In Defense of Katherine Hale??!

Inside Explosion

I feel a sickness in the pit of my stomach as I tap away at the keys. Before you throw me on a Goodreads blacklist, boycott my as yet unpublished book, or unfollow my blog, please read through this post. And keep an open mind. Something I’m afraid very few people have been doing on the internet these days.


But neither do I support Cold Ware-era Red-scare blacklisting going on right now by book bloggers and Goodreads.

I’ll be honest, this is the second time I’ve written this post. And about the fifth time in my head. I had it scheduled to run on Wednesday, but wasn’t happy with it, so made some changes. After careful thought, I decided not to delve too far into this topic, mainly because it’s mostly been done. I have a few thoughts I’ll share and a few blog posts I’ll link to, but beyond that, I’m going to attempt to wash my hands (and my mind) of this whole affair.

For those of you who don’t know what I’m talking about, you can catch up by reading this article. And check your Twitter and Tumblr feed, and Facebook and blogs everywhere. Because it’s being discussed on every media outlet I use.

For another take, check out this post on the Confessions of a Book Geek blog. The author has clearly done far more investigation into this issue than I (read the comments as well), but I also fear has a bit of a bias being a book blogger herself.

To understand Katherine Hale and what is obviously some kind of obsessive/compulsive disorder, take a look at her article in The Guardian from July.

I’ll be honest, I first read Katherine Hale’s catfish article like a car accident on the side of the road. You can’t look away, but you know it’s going to end badly. There was a part of me that was glad she called out this blogger, but at the same time, I felt it was completely unnecessary. She could have let it go and moved on, but had to create an issue out of it.

But while I believe Hale was wrong, I don’t think she deserves to be crucified for it. And neither do authors who have come to her defense. There is currently a Goodreads blacklist which I will not link to, that calls for a boycott of Hale and all authors who support her. To me, this is the pot calling the kettle black. Hale is vilified for attempting to unmask a blogger and essentially silence her negative criticizing voice, so in turn book bloggers are attempting to silence the voice of Hale and anyone who supports her. Two wrongs don’t make a right. We learned that in grammar school people.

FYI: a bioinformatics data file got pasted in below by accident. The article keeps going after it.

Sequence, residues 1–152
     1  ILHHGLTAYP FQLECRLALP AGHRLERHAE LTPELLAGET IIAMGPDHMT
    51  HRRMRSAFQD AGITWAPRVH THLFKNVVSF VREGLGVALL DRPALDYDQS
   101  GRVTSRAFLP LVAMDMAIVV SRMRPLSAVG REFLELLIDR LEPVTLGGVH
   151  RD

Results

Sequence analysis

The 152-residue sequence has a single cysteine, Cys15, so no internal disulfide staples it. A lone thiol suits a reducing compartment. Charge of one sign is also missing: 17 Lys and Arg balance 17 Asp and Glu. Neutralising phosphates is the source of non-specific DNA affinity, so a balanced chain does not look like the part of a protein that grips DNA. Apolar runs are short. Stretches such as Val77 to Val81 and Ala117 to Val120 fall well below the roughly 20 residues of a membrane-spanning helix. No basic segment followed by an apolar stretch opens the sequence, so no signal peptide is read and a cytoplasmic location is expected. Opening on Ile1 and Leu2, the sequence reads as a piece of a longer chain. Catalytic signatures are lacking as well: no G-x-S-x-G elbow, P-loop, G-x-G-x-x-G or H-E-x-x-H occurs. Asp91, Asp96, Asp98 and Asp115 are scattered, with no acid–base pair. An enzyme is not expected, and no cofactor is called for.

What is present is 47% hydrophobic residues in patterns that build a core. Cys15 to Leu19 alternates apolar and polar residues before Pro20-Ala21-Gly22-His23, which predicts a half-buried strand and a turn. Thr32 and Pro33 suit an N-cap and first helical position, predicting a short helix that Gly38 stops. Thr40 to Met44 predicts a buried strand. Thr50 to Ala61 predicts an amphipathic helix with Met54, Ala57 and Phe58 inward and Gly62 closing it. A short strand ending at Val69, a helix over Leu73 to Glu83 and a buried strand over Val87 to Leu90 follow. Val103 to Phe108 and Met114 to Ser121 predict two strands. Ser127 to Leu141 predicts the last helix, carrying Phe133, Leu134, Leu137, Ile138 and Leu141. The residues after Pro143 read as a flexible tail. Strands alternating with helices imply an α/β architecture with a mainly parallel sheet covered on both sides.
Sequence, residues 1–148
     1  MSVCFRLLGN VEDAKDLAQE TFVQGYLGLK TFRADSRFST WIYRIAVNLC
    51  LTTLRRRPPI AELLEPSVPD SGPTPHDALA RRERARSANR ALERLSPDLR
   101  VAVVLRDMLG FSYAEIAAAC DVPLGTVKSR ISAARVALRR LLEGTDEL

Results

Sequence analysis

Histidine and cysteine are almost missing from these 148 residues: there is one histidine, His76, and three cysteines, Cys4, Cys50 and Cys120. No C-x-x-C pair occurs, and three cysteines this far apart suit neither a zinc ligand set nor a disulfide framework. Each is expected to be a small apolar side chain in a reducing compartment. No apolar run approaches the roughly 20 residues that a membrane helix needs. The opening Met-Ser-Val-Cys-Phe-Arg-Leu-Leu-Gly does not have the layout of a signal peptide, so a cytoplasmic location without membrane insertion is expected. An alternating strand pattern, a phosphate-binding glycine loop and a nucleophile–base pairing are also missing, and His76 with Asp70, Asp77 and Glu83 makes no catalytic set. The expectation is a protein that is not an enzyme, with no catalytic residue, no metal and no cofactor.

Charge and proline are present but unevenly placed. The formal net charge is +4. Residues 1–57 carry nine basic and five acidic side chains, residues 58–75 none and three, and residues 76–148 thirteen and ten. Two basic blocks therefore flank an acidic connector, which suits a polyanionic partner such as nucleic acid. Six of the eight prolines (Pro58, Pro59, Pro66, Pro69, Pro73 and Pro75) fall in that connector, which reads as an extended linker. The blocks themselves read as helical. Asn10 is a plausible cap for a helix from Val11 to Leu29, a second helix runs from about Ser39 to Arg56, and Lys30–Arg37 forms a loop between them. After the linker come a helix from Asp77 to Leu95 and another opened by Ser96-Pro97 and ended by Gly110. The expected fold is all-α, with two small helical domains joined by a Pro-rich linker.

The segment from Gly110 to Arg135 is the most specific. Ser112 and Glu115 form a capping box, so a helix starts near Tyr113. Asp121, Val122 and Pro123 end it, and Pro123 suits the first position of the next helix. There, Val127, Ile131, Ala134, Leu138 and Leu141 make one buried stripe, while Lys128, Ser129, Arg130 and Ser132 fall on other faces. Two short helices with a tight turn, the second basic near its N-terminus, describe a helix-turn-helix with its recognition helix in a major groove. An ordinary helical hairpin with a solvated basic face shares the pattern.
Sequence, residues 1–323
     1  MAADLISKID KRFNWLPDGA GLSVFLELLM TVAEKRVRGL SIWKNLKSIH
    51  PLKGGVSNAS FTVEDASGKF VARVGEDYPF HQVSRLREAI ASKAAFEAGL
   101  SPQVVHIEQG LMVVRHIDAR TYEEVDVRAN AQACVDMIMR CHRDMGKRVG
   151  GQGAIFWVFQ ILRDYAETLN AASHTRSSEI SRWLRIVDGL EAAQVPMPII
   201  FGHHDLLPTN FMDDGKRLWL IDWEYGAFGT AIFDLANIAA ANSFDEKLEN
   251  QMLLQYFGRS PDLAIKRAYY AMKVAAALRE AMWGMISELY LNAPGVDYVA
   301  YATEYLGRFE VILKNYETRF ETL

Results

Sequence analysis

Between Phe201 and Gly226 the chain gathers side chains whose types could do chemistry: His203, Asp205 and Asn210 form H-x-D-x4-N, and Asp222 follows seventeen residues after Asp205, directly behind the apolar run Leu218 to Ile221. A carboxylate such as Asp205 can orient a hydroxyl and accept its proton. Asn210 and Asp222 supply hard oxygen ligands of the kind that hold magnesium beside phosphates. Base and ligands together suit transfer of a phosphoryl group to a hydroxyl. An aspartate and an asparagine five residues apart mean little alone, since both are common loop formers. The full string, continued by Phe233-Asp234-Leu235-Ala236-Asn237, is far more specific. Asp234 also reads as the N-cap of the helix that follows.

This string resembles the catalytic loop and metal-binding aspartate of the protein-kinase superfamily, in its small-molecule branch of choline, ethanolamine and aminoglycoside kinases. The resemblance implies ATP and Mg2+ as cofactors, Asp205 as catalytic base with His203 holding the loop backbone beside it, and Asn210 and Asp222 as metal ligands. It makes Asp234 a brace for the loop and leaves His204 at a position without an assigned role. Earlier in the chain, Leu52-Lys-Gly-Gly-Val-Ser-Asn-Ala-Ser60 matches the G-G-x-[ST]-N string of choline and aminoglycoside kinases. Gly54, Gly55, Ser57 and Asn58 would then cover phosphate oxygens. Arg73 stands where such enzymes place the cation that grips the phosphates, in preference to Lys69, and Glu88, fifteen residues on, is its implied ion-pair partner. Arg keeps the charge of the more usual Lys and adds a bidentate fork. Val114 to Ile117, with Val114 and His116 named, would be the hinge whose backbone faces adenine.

I say, voice your opinion on your blog, Twitter, FB, whatever, if you feel so inclined. Don’t buy or read books by authors if you feel that strongly about it, but really, you’ll never agree with everything an author says or does. Why pick this? You might be against abortion, but are reading books by people who support it, but you don’t know. Banning, boycotting and shunning people because they voice a belief is trying to silence their voice. We don’t want to silence voices in this country. At least I don’t. I’d love to hear all opinions, critically internalize and process, then I go on with my life in the manner I see fit. If Hale committed a crime, then follow that line. If you feel she committed a crime, but legally did not, then try to get legislation changed. Voices are good. That’s how this country moves forward.

And as for what Hale should have done, well take a look at this article on Pub(lishing) Crawl for how to handle criticism.

I guess what I’m trying to say is this situation isn’t black and white. It’s so grey it looks like an Abnegation meeting. What we really need is for everyone to calm down instead of this internet fiasco of polarizing sides and people trying to strong-arm their opinion into the right. Really, everyone is right. Authors should have the right to defend their books, in a business-like and appropriate manner. Book reviewers have the right to their opinions, but they should put it forth in a business-like and appropriate manner. Book reviewers have the right to their privacy, and if they choose anonymity, so be it. But personally, I have never posted a review that I couldn’t and wouldn’t defend to someone’s face. Maybe that’s the key: write your review as if the writer is sitting across from you and reading every word, and they’re someone you know.

The internet has made us too callous to the feelings of others and the use of basic decorum in our conversations. Why is it, we as a society have become so polarized, so quick to judge, and so vehement in our stance of perceived right? Have we lost the ability to see both sides of an issue and grant each person their dues? Where are the moderates in all of this? And every other situation? I’m guessing, like me, they’re afraid to speak out, because the backlash can be too much to bear.

And one final side note. Hale asks if she’s being “catfished” in her article. Several people on Twitter have commented that she doesn’t know what catfishing is. To that I say, you’re wrong. Sort of.

Definition of “catfish” from Urban Dictionary:

A catfish is someone who pretends to be someone they’re not using Facebook or other social media to create false identities, particularly to pursue deceptive online romances.

Further investigation showed that the term “catfish” is used for any person creating a false internet persona. While this is usually used for romantic endeavors, it is not restricted to that.

Every person posting, tweeting or talking about this issue has their own agenda and bias (me included), and everyone’s thoughts should be taken with a grain of salt when forming your own. But one thing is abundantly clear: Don’t stalk a book reviewer. You will regret it!